The Fracturing of the Soul:
Murder on the Orient Express
Early on in this new version of Agatha Christie’s classic murder mystery, Inspector Hercule Poirot (Kenneth Brannagh) declares with passion that there exists only good and evil, with nothing in between. It’s hard to see how any human being, let alone one of his brilliance, can have reached the age he is and still maintain such a rigid – and patently false – moral stance.
Of course, by the end of Murder on the Orient Express, Poirot will have been witness to the fracturing of not just one soul, but of many; and he will be a wiser, more tolerant and sadder man.
One of the problems with this remake for anyone over 40 is Sidney Lumet’s fine big-name 1974 ensemble version, with Albert Finney as the Belgian sleuth. That would be hard to beat at the best of times. And back then it was something of a novelty to see one of these pieces, with major stars all doing their own thing — A Bridge Too Far is another one that comes to mind — but these days it’s not such a big deal.
The other problem is Brannagh himself, as he has decided to direct from Michael Green’s script as well as star. Now Brannagh is a decent director, with an interesting and very mixed bag of fourteen films behind him, including five fine Shakespearian adaptations as well as the odd complete dud like Mary Shelley’s Frankenstein. But taking on the lead role as well? He’s done it in the past, but this time it is his own personal ‘bridge too far’.
He never really convinces as Poirot, especially as we have now been thoroughly spoiled by David Suchet’s sublime interpretation. And don’t get me started on that ludicrously over-the-top moustache! Good God, who on earth thought that was a good idea? It remains the single most distracting and offputting thing in the entire film.
I really wanted to give this version every chance, but my heart sank right from the overblown and totally unnecessary prologue in Jerusalem; and by the time that we eventually boarded the Orient Express and were introduced to its grab-bag of soon-to-be murder suspects, I knew that it wasn’t likely to rise to the surface again. Still, at least I could look forward to some big-screen glamour as the famous coaches sped through exotic 1934 settings.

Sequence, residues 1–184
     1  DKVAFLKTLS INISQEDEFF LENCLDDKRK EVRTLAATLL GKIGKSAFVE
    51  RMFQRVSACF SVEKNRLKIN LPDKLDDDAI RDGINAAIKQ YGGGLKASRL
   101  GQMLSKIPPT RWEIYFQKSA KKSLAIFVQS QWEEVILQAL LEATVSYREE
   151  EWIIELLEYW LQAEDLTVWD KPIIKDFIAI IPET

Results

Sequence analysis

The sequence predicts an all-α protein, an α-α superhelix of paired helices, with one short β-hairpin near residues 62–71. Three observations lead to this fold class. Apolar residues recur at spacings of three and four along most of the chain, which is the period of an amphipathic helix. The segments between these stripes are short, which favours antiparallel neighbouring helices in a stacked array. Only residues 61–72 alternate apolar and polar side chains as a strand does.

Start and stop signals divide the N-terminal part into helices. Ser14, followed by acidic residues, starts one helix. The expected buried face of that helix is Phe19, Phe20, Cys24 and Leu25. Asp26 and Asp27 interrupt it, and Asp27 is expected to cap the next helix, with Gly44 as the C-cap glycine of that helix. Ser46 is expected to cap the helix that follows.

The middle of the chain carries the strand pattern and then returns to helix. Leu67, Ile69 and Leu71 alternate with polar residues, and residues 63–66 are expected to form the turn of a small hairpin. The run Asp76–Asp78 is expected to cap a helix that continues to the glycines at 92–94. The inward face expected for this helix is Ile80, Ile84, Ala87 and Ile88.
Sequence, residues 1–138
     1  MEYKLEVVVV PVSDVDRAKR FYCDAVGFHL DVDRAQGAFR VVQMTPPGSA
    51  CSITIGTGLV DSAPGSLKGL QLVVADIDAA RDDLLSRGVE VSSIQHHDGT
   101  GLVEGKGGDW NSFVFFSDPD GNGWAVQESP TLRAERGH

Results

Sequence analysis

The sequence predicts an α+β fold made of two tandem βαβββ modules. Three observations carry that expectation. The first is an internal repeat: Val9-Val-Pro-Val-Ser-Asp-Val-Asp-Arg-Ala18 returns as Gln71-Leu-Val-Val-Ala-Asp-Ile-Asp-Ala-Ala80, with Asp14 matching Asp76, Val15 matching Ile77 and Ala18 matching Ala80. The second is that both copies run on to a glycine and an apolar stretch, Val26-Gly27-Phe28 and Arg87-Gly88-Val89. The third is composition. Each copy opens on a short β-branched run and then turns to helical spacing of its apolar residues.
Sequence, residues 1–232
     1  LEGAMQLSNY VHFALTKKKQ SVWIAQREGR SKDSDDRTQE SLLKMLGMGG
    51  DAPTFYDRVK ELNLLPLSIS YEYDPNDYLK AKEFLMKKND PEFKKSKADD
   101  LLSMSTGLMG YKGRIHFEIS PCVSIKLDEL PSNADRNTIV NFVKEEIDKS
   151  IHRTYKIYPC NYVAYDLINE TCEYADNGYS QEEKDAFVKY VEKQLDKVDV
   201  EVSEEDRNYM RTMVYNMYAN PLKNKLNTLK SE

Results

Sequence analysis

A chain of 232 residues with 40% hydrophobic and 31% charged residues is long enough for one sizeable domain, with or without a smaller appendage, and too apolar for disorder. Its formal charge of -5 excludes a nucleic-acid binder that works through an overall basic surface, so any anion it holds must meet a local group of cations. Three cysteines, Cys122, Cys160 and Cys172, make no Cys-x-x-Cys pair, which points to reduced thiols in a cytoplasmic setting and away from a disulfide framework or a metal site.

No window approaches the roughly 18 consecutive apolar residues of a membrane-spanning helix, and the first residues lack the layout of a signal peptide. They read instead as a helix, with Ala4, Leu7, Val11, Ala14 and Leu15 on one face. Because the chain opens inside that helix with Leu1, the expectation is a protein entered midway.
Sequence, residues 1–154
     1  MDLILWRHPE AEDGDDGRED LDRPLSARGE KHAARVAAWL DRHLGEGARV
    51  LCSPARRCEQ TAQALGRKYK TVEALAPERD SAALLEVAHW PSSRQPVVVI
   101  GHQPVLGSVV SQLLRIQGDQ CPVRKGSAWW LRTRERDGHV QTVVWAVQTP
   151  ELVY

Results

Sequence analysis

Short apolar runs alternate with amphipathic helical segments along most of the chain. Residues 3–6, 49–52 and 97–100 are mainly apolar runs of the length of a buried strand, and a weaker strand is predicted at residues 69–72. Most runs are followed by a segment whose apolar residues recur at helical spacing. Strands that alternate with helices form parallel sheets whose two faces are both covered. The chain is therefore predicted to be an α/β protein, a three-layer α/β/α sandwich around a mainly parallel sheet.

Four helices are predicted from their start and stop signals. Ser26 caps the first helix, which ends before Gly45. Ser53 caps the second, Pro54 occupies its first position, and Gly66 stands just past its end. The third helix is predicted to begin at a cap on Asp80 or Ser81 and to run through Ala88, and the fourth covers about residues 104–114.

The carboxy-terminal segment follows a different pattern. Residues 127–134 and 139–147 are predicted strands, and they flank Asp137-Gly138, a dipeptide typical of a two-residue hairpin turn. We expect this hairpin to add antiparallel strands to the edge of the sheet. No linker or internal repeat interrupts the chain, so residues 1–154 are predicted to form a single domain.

Well, not really; I had forgotten that the train gets stuck in a snowdrift – or an avalanche as it is here. From then on, despite Brannagh’s best efforts with tricky camera-work, I felt as if we might as well be watching a stage play. It also served as an unfortunate reminder of how damned good Sidney Lumet was with characters in slightly confined spaces.
Pacing is yet another problem, with one glaring scene where the really bad guy Ratchett (Johnny Depp) tries to enlist Poirot’s help. I can see that it is important in showing Poirot’s integrity and sheer courage; but despite Depp tapping into left-over reserves of Whitey Bulger from his excellent Black Mass, it merely serves – as do several other scenes – to bring this train to a grinding stop.
Murder on the Orient Express has an impressive cast that includes Derek Jacobi, Willem Dafoe and a host of others; but in the case of Judi Dench and Penélope Cruz, it’s hard to see why they signed on for this other than as a favour to Brannagh.
The one stand-out is Michelle Pfeiffer as Caroline Hubbard, a good and juicy part that this beautiful and talented actress squeezes the very best out of. It makes me wish, not for the first time, that we could see more of her in decent films.
There’s a good movie in here somewhere. I particularly liked the scenes of Poirot wrestling with his conscience towards the end; and the actual murder itself is really quite nightmarish and disturbing. Yet it seems wildly optimistic to close with a set-up for a remake of Death on the Nile. If he gets his wish, the talented Mr. Brannagh may want to change his strategy somewhat.